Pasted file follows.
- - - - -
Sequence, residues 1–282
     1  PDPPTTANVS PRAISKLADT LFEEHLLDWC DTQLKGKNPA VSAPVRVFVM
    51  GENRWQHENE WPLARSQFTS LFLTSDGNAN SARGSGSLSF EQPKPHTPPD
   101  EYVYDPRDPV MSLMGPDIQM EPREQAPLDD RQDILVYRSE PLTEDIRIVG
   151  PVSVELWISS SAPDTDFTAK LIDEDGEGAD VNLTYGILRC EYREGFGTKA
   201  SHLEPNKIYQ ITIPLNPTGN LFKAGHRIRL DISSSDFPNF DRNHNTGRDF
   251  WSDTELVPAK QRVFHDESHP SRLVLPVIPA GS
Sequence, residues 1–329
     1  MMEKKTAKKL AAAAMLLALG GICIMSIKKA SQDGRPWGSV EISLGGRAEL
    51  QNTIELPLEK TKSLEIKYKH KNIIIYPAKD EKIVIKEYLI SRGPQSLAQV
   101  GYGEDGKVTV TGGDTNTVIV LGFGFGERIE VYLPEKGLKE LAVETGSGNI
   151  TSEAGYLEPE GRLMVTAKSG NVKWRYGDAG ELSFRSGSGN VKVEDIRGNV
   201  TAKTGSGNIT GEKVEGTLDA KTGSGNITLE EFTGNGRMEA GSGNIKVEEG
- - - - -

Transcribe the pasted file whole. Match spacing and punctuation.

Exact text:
Sequence, residues 1–282
     1  PDPPTTANVS PRAISKLADT LFEEHLLDWC DTQLKGKNPA VSAPVRVFVM
    51  GENRWQHENE WPLARSQFTS LFLTSDGNAN SARGSGSLSF EQPKPHTPPD
   101  EYVYDPRDPV MSLMGPDIQM EPREQAPLDD RQDILVYRSE PLTEDIRIVG
   151  PVSVELWISS SAPDTDFTAK LIDEDGEGAD VNLTYGILRC EYREGFGTKA
   201  SHLEPNKIYQ ITIPLNPTGN LFKAGHRIRL DISSSDFPNF DRNHNTGRDF
   251  WSDTELVPAK QRVFHDESHP SRLVLPVIPA GS
Sequence, residues 1–329
     1  MMEKKTAKKL AAAAMLLALG GICIMSIKKA SQDGRPWGSV EISLGGRAEL
    51  QNTIELPLEK TKSLEIKYKH KNIIIYPAKD EKIVIKEYLI SRGPQSLAQV
   101  GYGEDGKVTV TGGDTNTVIV LGFGFGERIE VYLPEKGLKE LAVETGSGNI
   151  TSEAGYLEPE GRLMVTAKSG NVKWRYGDAG ELSFRSGSGN VKVEDIRGNV
   201  TAKTGSGNIT GEKVEGTLDA KTGSGNITLE EFTGNGRMEA GSGNIKVEEG